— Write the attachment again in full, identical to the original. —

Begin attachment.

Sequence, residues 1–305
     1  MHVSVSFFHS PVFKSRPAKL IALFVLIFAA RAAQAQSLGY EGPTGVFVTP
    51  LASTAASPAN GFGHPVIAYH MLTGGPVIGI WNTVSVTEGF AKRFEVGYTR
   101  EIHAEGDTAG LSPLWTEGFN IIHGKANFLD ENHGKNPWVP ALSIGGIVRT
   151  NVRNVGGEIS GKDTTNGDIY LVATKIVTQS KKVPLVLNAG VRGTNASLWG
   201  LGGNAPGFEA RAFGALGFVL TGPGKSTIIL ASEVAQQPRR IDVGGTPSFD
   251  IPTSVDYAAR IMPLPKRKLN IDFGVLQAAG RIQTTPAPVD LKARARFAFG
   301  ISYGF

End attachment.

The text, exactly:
Sequence, residues 1–305
     1  MHVSVSFFHS PVFKSRPAKL IALFVLIFAA RAAQAQSLGY EGPTGVFVTP
    51  LASTAASPAN GFGHPVIAYH MLTGGPVIGI WNTVSVTEGF AKRFEVGYTR
   101  EIHAEGDTAG LSPLWTEGFN IIHGKANFLD ENHGKNPWVP ALSIGGIVRT
   151  NVRNVGGEIS GKDTTNGDIY LVATKIVTQS KKVPLVLNAG VRGTNASLWG
   201  LGGNAPGFEA RAFGALGFVL TGPGKSTIIL ASEVAQQPRR IDVGGTPSFD
   251  IPTSVDYAAR IMPLPKRKLN IDFGVLQAAG RIQTTPAPVD LKARARFAFG
   301  ISYGF